You know you need to do keyword research. After all, you’re producing content to support your business growth, not writing a love letter to your grandma.

The goal is to get as many qualified leads as possible to find your post, including new people finding you through Google search. But how can you make sure that what you’re writing is what people are looking for?

The secret is to do the overall topic research before you begin your content planning, then fine-tune the keywords once the blog post is written.

How do I find what my audience is interested in?

Lacy’s first step in editorial content planning is to divide your services into “buckets,” or categories/themes that you want to write about. Brainstorm different blog posts you can write for each topic, just to get the ball rolling.

Let’s say that you’re a health coach; your top 3 category buckets could be: clean eating, creating exercise habits, and dealing with stress.

Step 2: Discover the questions people are asking

Before you write anything, find out if people are interested in this topic. It’s much easier to drive traffic to content that people are already interested in than it is to educate them about why you think it’s important.

There are a few free research tools I love to use to discover the questions that people are asking about your bucket topics. My two favorites are:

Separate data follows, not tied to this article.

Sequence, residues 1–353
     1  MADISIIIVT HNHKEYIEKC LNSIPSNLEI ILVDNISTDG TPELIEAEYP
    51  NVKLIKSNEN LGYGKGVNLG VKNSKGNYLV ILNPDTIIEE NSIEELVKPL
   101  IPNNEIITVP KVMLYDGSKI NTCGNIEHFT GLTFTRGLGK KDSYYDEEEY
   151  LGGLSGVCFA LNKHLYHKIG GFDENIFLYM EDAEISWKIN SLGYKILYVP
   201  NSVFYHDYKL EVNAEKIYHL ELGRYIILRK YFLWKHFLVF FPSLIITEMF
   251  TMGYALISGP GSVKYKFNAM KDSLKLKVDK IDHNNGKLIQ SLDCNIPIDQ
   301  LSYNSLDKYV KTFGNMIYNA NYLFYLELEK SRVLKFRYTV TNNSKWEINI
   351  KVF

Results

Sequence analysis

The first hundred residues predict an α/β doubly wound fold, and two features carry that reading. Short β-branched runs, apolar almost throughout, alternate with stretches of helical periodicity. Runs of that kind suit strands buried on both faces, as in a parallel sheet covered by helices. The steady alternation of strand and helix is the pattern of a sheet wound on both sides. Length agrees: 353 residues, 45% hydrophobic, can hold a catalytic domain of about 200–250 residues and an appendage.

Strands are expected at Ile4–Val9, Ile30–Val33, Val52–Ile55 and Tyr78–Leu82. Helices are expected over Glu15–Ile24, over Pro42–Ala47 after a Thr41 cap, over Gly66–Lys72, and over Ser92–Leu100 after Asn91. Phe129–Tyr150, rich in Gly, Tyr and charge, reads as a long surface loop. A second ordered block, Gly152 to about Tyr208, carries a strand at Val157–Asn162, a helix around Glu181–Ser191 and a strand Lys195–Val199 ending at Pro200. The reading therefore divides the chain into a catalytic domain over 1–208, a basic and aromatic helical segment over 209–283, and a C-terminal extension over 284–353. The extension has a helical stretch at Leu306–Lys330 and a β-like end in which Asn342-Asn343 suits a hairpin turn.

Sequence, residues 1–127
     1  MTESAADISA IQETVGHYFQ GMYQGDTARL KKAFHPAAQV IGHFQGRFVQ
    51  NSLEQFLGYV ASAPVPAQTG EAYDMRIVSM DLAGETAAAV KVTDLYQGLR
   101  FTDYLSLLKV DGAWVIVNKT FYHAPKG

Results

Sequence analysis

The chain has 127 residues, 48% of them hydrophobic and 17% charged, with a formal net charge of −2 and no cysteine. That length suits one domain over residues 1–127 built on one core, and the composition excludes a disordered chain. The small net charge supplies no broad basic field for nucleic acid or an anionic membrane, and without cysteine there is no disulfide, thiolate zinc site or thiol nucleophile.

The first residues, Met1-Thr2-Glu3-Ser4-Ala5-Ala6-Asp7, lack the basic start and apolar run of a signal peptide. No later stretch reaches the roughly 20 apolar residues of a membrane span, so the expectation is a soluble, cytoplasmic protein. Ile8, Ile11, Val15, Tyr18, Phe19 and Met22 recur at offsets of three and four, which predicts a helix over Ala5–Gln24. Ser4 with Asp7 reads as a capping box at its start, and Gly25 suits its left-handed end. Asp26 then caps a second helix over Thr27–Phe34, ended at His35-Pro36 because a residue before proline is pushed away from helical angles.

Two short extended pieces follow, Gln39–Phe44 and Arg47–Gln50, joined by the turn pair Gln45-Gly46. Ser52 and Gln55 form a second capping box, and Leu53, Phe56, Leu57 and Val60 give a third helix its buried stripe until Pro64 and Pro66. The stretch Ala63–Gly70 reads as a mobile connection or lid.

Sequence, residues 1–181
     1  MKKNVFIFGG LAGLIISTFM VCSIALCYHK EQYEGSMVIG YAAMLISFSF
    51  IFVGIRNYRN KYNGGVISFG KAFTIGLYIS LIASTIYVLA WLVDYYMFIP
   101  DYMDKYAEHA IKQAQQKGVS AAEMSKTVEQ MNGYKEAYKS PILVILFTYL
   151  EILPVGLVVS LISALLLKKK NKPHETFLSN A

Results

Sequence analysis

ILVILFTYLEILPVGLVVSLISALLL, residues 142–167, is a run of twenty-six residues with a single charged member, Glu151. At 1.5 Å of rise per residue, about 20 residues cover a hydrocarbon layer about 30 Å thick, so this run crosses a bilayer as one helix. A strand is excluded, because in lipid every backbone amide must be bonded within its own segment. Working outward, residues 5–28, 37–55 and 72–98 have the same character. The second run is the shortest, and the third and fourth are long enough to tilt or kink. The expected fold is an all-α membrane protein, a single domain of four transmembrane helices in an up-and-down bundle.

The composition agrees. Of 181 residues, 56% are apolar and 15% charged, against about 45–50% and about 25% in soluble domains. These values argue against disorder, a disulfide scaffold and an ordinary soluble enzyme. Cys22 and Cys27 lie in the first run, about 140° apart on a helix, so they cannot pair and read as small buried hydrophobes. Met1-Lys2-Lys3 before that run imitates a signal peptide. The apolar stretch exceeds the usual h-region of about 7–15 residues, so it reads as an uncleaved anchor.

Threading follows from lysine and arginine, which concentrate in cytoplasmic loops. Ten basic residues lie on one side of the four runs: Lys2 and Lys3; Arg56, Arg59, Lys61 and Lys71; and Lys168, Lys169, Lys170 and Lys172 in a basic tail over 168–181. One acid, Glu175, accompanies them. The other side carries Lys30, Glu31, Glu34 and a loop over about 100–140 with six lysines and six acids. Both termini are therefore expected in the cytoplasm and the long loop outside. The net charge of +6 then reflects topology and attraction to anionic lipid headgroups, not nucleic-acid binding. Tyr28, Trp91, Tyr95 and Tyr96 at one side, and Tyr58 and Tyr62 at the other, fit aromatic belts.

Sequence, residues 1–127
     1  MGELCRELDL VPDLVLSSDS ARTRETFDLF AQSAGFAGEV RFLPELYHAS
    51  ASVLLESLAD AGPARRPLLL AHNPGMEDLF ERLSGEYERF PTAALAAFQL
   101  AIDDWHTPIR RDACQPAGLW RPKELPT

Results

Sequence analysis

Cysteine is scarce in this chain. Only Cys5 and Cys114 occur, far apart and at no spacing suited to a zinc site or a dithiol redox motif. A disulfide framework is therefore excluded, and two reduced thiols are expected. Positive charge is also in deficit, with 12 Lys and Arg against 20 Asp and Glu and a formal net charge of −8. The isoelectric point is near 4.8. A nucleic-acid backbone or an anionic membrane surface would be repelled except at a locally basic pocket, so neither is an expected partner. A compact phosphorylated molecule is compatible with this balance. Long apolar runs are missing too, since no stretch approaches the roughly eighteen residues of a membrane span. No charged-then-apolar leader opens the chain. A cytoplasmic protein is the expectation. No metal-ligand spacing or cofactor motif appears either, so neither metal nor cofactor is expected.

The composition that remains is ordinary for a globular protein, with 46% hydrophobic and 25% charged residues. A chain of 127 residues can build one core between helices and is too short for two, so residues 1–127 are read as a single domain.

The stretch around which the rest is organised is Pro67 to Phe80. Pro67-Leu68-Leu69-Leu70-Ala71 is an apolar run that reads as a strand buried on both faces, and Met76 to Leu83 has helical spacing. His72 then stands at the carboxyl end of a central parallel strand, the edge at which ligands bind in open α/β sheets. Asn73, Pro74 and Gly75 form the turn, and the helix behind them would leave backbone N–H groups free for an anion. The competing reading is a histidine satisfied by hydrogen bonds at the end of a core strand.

• Google Trends
    • After searching for your topic or keyword on Google Trends, scroll down below the ‘Interest over time’ and ‘Interest by subregion’ sections. You’ll find the ‘Related topics’ and ‘Related queries’ that people also search for. These tell you exactly what people who are interested in your topic are curious about right now. It will initially list the top five, but you can click through to see more.
    • Our health coach, searching for inspiration to fill her ‘Clean Eating’ bucket, would see that related hot topics in her field include the ketogenic diet, finding sugar substitutes, and cooking with the instant pot.
  • Answer the Public
    • Wondering exactly how people are asking their questions? This site compiles the exact phrases people are using to search for any given keyword; if you use these same words, you’re more likely to show up in their search results.
    • Sample questions for our health coach: Can the ketogenic diet cause anxiety? How ketogenic diet cure inflammation? Are ketogenic and paleo the same?

Step 3: Expand your list

Now that you know what you want to talk about and what people are searching, let’s figure out exactly what people who are looking for you are asking.

  • Google Search
    • Autocomplete
      • Start typing your topic into Google, but before you click “Enter,” see what phrase it auto completes; our search for “keto” autocompletes with “keto recipes,” “keto diet,” “keto for beginners” and “ketosis”
    • People also ask
      • Now click enter and scroll down in the search results, to about the 4th or 5th listing, and you’ll probably see another box called “People Also Ask,” which is a great place to get complimentary ideas to expand the blog post or create a new one. “Keto” has a few alternate questions: “What foods to eat on keto diet?” and “Is being in ketosis safe?”
  • Ubersuggest
    • This is a great place to discover new phrases and to find out how many people are searching for each specific keyword. The chart displays:
      • search volume (how many users are searching for that phrase every month),
      • the cost-per-click (CPC) which is how much it would cost to purchase Google AdWords for that phrase; a higher CPC means that the phrase is both desirable and competitive;